For leaders responsible for developing and honing detection models, a human-in-the-loop approach can help to ensure your model does not pick up the wrong patterns and exhibit bias. For example, if your training data has led your model to associate fraud with a particular area code, acting on that pattern could have repercussions for customers in the real world. It is for this reason that model validation takes on heightened importance.

In simple terms, model validation is a process in which humans evaluate the outputs of a machine learning model to determine if it is performing as expected. In a recent Forbes article, Michael Ringman, chief information officer at TELUS International, explained the importance of model validation and continuous monitoring. "Fine-tuning the generative model through testing and validation processes can identify and fix potential shortcomings or biases that could lead to hallucinatory outputs. By continually monitoring the model's performance and analyzing its generated content, we can detect and address any emerging patterns and promptly intervene and refine the model’s parameters and training processes."

Meanwhile, for those looking to establish or enhance a comprehensive fraud prevention and detection program, it's important not to underestimate the value of human judgment in an effective defensive strategy. While algorithms might excel at learning patterns, humans shine in their ability to understand context — and when edge cases arise, context is key. Trust and safety professionals are called upon to review cases flagged by algorithms in which there is a degree of uncertainty. Their involvement helps to minimize the risk of a machine learning model taking the wrong action, for example by falsely identifying fraud in some cases, or by overlooking it in others. The most complete defense against fraud involves humans and technology, which underlines what is to be gained from a knowledgeable partner with experience in AI Data Solutions, as well as scalable trust and safety programs.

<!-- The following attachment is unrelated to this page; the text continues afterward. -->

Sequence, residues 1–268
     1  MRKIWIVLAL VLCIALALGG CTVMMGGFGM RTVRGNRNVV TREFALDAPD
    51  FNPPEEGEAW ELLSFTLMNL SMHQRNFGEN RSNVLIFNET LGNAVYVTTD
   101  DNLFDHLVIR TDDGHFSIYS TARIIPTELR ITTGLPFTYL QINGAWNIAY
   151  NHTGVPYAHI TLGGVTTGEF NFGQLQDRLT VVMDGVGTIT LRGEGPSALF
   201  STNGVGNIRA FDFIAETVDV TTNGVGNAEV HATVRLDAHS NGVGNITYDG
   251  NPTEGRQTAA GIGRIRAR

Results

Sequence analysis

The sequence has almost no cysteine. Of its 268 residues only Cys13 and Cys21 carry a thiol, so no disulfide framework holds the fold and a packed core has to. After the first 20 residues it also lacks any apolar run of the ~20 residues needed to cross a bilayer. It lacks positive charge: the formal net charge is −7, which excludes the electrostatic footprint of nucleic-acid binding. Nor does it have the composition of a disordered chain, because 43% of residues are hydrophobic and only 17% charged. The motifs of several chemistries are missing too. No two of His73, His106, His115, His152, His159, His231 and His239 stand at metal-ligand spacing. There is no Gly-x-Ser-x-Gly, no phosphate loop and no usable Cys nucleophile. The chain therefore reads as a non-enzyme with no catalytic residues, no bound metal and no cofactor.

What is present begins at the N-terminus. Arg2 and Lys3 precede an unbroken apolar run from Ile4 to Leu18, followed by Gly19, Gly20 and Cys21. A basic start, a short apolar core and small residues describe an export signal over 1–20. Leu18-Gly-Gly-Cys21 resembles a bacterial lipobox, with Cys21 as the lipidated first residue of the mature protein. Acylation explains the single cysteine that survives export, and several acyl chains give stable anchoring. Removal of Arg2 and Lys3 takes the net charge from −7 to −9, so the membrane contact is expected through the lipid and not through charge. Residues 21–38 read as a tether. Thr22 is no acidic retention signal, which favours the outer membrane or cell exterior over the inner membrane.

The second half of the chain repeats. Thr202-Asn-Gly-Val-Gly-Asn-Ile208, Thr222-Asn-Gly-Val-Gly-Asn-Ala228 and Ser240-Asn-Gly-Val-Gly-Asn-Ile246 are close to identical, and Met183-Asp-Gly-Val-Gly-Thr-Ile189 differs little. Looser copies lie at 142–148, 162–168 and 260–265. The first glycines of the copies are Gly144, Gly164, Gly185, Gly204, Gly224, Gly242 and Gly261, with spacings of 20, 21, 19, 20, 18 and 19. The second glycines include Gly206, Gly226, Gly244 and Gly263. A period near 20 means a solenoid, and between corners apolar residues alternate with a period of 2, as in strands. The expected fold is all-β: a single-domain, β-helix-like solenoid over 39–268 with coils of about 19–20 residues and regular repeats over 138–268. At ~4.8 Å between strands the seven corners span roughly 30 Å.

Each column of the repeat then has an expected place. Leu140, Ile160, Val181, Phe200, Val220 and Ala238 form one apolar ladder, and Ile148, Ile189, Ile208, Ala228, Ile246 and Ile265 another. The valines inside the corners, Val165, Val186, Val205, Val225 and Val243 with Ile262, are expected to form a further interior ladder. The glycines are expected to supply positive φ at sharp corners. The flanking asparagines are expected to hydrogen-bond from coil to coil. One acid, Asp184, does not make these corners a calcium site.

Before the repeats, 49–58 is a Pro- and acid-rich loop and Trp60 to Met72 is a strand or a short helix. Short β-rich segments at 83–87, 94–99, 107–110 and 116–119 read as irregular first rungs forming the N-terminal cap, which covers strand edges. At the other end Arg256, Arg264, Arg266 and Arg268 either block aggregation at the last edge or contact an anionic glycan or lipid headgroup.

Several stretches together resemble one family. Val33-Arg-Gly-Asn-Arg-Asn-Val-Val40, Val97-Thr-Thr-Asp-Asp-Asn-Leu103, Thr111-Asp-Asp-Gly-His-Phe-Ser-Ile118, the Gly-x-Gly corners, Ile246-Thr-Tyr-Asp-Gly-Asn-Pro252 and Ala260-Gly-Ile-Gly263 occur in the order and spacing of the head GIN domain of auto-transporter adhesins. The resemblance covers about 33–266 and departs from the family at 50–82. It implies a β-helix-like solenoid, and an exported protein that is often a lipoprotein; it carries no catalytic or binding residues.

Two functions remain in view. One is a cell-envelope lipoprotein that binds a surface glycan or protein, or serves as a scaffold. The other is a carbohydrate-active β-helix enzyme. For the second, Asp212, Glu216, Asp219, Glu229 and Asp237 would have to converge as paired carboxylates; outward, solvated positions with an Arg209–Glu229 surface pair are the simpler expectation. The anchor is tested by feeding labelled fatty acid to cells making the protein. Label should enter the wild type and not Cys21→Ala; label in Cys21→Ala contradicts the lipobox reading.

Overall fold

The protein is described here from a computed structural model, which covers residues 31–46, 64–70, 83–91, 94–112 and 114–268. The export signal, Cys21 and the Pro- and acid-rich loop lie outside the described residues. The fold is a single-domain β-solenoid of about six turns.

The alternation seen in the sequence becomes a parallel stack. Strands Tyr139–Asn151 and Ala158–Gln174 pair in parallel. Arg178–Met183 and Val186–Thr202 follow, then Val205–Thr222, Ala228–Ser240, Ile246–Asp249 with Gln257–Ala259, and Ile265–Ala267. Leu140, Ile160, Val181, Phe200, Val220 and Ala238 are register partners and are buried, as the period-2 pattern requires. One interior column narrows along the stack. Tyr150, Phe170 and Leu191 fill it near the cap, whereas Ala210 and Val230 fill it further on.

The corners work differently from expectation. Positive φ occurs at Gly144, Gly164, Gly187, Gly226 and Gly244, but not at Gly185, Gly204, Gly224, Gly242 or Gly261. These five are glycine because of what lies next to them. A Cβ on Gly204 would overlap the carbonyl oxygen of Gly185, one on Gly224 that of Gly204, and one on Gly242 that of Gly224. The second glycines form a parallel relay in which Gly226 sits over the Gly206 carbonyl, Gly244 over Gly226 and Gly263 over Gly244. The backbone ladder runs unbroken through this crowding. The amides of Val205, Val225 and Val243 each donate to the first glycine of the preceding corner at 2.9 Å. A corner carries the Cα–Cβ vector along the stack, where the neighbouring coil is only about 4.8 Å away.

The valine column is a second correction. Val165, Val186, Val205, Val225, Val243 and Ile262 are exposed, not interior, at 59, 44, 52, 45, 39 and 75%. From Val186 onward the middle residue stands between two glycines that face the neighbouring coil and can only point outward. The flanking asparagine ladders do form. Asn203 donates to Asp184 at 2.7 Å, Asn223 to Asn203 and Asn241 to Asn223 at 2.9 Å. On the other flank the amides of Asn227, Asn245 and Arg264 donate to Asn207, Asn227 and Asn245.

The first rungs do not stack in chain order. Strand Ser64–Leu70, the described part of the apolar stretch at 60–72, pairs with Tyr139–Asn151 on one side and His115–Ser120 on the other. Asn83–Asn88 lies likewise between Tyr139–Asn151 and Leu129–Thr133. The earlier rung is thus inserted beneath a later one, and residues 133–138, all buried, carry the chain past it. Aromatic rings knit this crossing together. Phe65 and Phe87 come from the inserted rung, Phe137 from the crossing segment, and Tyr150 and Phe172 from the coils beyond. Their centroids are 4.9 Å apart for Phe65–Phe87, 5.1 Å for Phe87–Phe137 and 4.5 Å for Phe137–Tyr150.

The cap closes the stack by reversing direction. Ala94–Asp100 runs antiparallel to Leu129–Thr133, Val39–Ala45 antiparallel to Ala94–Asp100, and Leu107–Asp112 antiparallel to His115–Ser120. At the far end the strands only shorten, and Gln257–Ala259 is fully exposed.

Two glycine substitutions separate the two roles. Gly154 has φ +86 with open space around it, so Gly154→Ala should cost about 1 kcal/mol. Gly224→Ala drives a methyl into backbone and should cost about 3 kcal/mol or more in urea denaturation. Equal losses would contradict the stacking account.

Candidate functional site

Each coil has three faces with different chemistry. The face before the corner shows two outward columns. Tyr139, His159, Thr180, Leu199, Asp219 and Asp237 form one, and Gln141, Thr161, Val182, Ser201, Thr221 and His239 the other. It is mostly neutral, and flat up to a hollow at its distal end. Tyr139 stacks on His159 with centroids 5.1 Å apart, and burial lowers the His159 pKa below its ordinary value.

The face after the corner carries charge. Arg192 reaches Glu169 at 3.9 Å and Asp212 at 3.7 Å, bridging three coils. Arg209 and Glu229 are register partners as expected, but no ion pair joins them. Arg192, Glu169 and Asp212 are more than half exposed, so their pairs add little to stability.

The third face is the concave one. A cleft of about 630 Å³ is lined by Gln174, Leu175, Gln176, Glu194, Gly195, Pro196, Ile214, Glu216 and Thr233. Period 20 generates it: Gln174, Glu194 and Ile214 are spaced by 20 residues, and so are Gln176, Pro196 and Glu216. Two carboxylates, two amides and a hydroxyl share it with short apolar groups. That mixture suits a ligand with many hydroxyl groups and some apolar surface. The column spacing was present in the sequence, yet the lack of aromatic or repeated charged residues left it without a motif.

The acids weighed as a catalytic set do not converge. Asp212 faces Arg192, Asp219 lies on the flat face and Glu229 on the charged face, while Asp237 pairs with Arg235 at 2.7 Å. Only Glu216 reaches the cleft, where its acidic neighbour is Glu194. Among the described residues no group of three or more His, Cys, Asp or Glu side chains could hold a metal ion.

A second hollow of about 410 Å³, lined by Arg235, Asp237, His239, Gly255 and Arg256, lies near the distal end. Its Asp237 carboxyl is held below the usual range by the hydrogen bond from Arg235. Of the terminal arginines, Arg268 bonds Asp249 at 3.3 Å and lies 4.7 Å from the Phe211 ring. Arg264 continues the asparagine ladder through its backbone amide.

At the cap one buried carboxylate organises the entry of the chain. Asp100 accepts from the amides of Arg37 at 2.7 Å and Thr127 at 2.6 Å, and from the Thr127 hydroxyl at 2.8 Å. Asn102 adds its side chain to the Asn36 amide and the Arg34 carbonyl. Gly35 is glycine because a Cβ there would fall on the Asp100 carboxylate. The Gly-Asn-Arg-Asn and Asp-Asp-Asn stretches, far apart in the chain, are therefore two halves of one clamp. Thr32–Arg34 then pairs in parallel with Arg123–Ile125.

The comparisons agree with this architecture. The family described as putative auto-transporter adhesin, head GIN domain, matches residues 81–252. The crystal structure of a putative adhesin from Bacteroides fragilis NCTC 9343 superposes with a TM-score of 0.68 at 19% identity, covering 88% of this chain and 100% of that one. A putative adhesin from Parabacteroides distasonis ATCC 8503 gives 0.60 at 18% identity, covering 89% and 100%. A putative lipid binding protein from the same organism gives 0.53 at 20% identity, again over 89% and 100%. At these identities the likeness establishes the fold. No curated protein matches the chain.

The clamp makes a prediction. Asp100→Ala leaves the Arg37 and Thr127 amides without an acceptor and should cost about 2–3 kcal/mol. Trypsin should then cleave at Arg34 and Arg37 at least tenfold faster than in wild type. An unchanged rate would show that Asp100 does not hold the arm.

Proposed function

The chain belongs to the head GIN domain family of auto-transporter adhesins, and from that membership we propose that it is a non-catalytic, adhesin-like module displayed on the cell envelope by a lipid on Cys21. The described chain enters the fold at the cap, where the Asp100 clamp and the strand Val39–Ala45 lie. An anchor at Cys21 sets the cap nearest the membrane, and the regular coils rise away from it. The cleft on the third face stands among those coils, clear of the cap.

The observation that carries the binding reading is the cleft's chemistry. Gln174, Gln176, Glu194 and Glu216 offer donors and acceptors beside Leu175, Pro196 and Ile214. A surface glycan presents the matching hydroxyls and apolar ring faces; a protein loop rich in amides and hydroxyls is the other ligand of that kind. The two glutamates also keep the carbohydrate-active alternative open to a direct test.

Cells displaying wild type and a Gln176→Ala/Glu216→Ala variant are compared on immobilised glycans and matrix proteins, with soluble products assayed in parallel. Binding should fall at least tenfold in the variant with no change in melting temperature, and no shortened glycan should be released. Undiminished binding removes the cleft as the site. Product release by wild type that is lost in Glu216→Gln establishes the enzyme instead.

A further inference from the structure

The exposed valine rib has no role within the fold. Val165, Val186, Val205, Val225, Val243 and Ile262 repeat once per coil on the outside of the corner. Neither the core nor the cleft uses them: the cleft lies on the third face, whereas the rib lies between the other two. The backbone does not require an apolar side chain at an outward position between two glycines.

As the fraud landscape changes, humans, and human judgment, will remain an important part of a holistic fraud prevention and detection strategy. It will be human collaboration between governments, businesses and researchers that evolves policies, guardrails and techniques that minimize the risk of fraud in a world empowered by generative AI.

Navigate the new fraud landscape with a trusted partner

Fraud is changing due to the emergence of generative AI. That is a reality brands must accept and adapt to in order to protect their reputations and customers.

The good news is that the same technology emboldening today's fraudsters has the potential to significantly improve the methods deployed by those looking to stop them. Now is the time to explore the ways generative AI can boost your defensive posture and bring out the best in your trust and safety team members.

If you're ready to rise to the challenge, the right partner can make all the difference. TELUS International's expertise spans fraud prevention and detection and artificial intelligence — reach out today.